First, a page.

Width of strap: A thinner strap is common for small cameras, while wide straps are popular with large cameras. A wide strap will have more padding and won’t dig into your skin as much as a thin strap will.
Quick release buckle: This type of buckle has two latches that you push in at the same time to quickly disconnect the camera from the strap. If you’re using a backpack style camera strap, a quick release buckle is a must-have.
Weight limit: Any camera strap you pick must be able to support the weight of your gear. For heavier photography gear, you’ll need high-quality materials that won’t fray or break. Many times, a particular camera strap is rated to work with certain camera models, so you can match the gear’s weight to the strap.
Strap materials: The camera strap may consist of different materials. Nylon is very common for straps, but leather and neoprene are available, too.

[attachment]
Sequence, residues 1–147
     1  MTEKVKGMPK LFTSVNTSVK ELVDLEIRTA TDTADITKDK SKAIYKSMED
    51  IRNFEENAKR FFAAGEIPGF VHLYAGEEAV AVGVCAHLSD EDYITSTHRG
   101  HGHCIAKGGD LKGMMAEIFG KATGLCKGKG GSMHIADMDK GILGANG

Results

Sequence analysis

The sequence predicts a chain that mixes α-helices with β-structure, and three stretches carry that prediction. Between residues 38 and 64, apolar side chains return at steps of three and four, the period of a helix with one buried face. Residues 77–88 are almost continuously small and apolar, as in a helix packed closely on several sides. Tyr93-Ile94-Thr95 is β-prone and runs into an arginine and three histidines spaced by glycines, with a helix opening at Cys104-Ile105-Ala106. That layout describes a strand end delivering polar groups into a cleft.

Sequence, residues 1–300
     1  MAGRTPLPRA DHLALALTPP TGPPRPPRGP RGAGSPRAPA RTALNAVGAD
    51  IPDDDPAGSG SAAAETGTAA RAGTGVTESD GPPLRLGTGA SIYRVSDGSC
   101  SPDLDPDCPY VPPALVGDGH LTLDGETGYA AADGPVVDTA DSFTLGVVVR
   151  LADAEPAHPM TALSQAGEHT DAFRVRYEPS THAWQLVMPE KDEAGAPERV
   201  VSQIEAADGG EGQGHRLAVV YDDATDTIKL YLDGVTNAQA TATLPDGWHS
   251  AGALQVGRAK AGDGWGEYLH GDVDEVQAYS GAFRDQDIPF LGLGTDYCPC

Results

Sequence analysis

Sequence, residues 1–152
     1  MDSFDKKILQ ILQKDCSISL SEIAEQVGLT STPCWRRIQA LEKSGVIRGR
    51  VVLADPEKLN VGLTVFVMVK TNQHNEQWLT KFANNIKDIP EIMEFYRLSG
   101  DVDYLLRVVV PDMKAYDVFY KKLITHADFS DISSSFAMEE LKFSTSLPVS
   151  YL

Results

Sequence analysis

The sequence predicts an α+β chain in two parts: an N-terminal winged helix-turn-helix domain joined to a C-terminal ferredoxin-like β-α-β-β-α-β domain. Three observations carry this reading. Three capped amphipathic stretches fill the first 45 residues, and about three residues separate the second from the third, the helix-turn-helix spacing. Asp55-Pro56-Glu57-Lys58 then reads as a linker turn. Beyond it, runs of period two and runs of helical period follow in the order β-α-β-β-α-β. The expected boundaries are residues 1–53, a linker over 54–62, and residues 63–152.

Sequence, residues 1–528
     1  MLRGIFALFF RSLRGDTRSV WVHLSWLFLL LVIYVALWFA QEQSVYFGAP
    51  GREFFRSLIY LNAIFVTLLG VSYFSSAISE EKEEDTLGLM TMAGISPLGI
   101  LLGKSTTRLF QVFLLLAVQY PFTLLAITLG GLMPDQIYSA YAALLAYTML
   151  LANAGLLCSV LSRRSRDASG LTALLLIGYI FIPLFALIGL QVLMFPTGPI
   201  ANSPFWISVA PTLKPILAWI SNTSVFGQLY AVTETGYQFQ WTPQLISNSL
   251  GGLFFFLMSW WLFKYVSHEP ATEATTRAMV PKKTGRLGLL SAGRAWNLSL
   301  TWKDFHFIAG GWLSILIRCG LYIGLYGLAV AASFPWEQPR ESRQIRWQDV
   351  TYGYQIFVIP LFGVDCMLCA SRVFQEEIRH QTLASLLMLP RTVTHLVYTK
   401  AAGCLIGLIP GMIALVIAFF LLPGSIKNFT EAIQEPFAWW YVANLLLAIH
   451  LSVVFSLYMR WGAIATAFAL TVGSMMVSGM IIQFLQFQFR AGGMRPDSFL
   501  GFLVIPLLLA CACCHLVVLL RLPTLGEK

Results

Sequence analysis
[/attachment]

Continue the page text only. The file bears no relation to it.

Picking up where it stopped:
Buckle materials: For the greatest level of security, the buckles should be metal. Camera straps may also use a sturdy plastic in the buckles.
Inexpensive: Basic camera straps cost $5 to $15. These straps may have lower quality materials or plastic in their construction. We wouldn’t recommend putting a lot of stress or weight on them.
Mid-range: Mid-range camera straps cost $15 to $40. They do the job for most photographers, giving a good mixture of security, durability, and comfort.
Expensive: Expensive camera straps typically run between $40 and $100. These have high-end materials that last a long time. They should have metal buckles and connectors. Some have special features like extra padding, breathable fabrics, or the ability to hold two cameras.
For heavy gear, use a shoulder camera strap. A shoulder strap is more secure than a neck strap, and it holds the camera steadier as you walk. Heavy gear may cause neck strain during a long photography session when using a neck strap.
Always double check the connections. A loose buckle or connector can mean disaster for your camera. Each time you use the strap, check the connections to ensure they’re secure. A loose connection could fail, leaving your camera smashed on the ground.